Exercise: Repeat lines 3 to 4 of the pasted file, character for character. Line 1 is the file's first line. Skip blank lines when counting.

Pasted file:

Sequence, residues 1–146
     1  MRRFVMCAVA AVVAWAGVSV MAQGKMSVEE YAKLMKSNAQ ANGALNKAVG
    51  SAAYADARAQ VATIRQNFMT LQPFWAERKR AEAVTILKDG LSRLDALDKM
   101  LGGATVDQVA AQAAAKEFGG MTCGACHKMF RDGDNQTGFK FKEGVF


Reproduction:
    51  SAAYADARAQ VATIRQNFMT LQPFWAERKR AEAVTILKDG LSRLDALDKM
   101  LGGATVDQVA AQAAAKEFGG MTCGACHKMF RDGDNQTGFK FKEGVF